Furthermore, the challenges of getting her art showcased connects to her opening up about her unhealthy coping mechanisms, as she explains in her journal entries. In Level 7, “Couldn’t Get Enough of The Screen,” she writes in the first person, explaining how “Eventually I’m not watching anything for enjoyment but all lost and surrender into an intoxicating binge,” when describing her unhealthy relationship with technology. Beneath this personal narrative, there is another text artifact, in which switches to the 3rd person: “When bestie falls into a screen watching binge hole, people cannot reach her for days. Then one day she will text her friends, ‘sorry I’m back’, and act as if nothing happened.” Especially in her vulnerable entrees, I notice she resorts to bestie, taking a step back into this critical distance of her identity, and playing with the subjectivity of her own truth.
I applaud bestie’s candid and vulnerable expression. She shares stories of her father, grandfather, and great-grandfather navigating poverty and hardships throughout the rise of Maoist China and the rise of Communism. I was moved by her storytelling abilities as she described her family member’s originally affluent and sophisticated socio-economic class to being struck down by China’s anti-rightist propaganda and its suppression of intellectualism and meritocracy. Right beside her family’s stories, she reveals issues with anxiety, alcohol use, technology addictions, and her eating disorder as byproducts of society’s overwhelming digitization. She highlights these dichotomies in her scrapbook-style art (embedding photographs from her grandparents in the 1950s People’s Republic of China right beside her technological indulgences of recent food delivery orders and YouTube binges), which I find to resonate with her intersecting identities, and their separate influences on her wellbeing.
Through the process of sharing these stories, I noticed bestie questions her own understanding of truthiness and storytelling production. She challenges how she perceives her truths and how she interprets them herself: Her personal narratives are true to her, but do they ring true to the actual historical events? Do they ring true to how her family members perceive them to be? Under propaganda, censorship destructs the truth. What elements do we deem trustworthy in the midst of power and control? She unpacks these questions throughout her chapters, inviting me to question my own stories passed down from my family, and how I interpret these truths.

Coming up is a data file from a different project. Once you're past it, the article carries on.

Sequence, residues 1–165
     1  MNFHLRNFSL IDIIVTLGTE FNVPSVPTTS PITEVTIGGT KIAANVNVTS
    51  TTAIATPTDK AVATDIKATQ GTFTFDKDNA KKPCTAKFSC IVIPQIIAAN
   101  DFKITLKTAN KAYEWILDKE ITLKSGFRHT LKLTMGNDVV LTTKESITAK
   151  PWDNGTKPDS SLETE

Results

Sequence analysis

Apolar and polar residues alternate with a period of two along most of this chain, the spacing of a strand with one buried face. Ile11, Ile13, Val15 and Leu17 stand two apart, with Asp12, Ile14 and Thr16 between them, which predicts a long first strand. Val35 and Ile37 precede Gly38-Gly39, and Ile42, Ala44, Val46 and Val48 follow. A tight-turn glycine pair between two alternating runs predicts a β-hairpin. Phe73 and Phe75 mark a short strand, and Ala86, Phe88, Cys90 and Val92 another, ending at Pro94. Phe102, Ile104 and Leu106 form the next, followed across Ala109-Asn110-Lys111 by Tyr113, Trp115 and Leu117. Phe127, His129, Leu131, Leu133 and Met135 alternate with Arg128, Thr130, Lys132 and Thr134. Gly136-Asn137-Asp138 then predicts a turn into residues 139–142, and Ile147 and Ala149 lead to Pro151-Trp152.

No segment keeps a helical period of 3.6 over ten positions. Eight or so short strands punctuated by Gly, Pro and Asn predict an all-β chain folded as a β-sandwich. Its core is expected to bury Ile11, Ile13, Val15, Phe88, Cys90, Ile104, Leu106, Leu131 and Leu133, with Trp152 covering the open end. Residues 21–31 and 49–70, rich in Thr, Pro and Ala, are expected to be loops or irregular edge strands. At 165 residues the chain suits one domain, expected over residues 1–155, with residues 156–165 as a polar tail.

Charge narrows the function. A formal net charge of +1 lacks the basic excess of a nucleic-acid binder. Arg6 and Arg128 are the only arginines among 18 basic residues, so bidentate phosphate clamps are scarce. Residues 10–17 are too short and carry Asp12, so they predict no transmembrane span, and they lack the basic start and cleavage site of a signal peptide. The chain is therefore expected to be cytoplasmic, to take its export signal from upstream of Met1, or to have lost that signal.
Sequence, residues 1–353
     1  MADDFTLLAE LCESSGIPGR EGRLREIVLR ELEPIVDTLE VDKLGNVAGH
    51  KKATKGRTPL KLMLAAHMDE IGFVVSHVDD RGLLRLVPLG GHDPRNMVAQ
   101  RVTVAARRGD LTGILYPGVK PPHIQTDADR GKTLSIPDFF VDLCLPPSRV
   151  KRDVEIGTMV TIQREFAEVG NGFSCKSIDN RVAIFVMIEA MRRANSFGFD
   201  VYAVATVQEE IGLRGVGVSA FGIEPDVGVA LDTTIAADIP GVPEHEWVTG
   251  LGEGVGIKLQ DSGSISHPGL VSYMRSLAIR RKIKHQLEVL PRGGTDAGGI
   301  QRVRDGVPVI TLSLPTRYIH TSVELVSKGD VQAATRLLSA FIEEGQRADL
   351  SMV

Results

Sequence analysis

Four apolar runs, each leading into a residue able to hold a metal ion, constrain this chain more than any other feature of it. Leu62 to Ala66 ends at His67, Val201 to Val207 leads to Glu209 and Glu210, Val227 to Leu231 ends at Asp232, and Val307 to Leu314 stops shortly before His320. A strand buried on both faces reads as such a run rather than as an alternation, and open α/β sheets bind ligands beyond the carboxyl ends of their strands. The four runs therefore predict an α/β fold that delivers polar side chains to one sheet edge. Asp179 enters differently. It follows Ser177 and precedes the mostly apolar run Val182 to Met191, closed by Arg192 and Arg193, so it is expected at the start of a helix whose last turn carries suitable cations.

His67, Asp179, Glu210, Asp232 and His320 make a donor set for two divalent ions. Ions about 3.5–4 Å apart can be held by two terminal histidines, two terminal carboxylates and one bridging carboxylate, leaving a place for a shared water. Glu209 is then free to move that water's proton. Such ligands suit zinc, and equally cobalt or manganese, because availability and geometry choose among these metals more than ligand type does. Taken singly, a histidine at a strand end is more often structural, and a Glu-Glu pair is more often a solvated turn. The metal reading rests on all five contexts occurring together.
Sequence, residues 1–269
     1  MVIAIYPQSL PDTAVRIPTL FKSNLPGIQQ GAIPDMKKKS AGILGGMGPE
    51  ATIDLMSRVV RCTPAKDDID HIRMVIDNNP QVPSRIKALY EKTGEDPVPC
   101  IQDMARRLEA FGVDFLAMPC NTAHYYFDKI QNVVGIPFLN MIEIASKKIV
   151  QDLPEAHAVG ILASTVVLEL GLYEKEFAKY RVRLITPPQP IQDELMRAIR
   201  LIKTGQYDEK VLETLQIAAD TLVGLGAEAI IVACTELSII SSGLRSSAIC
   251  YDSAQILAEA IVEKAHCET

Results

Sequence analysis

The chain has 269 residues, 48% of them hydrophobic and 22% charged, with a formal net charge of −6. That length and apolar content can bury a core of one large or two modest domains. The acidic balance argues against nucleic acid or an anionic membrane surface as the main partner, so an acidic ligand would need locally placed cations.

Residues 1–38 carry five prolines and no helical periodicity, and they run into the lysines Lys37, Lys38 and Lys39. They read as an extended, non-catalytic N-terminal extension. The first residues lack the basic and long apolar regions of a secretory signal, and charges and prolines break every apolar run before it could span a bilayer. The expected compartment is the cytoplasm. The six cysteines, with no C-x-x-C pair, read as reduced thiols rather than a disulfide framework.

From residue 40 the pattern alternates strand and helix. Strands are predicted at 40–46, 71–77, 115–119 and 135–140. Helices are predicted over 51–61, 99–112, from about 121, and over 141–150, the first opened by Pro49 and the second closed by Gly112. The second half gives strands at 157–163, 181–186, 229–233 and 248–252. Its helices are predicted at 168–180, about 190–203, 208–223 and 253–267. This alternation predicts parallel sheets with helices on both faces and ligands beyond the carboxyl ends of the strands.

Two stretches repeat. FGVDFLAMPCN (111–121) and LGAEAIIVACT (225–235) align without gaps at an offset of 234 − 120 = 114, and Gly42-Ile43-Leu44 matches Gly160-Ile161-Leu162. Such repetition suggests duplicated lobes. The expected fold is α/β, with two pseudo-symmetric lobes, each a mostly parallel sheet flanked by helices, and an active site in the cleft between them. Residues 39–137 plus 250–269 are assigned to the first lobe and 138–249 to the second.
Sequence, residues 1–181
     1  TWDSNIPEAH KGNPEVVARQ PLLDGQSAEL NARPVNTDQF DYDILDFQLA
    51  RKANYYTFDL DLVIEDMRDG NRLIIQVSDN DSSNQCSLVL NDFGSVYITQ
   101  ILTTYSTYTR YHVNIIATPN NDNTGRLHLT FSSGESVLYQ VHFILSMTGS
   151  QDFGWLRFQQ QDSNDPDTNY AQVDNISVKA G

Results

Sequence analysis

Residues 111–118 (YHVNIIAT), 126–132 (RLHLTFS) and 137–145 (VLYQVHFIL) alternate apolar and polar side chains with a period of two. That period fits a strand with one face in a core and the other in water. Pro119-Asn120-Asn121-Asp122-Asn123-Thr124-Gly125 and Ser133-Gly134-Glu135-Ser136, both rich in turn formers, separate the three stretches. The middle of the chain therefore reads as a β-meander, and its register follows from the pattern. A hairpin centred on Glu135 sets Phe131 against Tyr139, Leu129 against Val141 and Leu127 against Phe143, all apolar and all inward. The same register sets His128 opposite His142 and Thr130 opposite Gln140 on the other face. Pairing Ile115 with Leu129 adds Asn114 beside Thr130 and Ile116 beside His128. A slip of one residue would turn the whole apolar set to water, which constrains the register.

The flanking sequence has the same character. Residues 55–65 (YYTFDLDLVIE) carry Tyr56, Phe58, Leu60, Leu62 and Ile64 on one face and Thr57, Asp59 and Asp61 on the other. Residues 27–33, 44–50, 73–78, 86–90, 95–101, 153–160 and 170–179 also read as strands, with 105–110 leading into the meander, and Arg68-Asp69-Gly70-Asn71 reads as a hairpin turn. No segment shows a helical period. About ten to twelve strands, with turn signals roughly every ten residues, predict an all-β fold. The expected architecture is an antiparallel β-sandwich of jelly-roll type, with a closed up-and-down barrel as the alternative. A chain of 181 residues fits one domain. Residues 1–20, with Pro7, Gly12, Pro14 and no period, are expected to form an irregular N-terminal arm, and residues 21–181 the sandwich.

While one may not face the turmoil that their ancestors did, one may still feel trapped in society’s highly digitized and consumerist nature. One may feel censored to express their own challenges, and that their emotions are not valid relative to those who have endured more palpable suffering in the past. And within this vulnerable dilemma, one might sever their monolithic identity, (like Zhang does with this manifestation of bestie). Ultimately, I was fascinated by her ability to examine herself in an out–of–body experience way. The choice of creating a critical distance between the artist and this extended identity is relevant to our human experience. FPA has shifted my perspective on how I perceive myself as a dynamic and transformative being, and how we can speak to ourselves as one would do for their “bestie”.
Check out Ziyi Zhang’s Family Photo Album.
Check out Ziyi Zhang’s Q+A.
Aylin is a Sophomore at the University of Richmond, majoring in Psychology and minoring in Rhetoric and Communications. She enjoys exercise, traveling, visual arts, writing, and listening to music. She is also a middle-distance runner on the Track and Field team.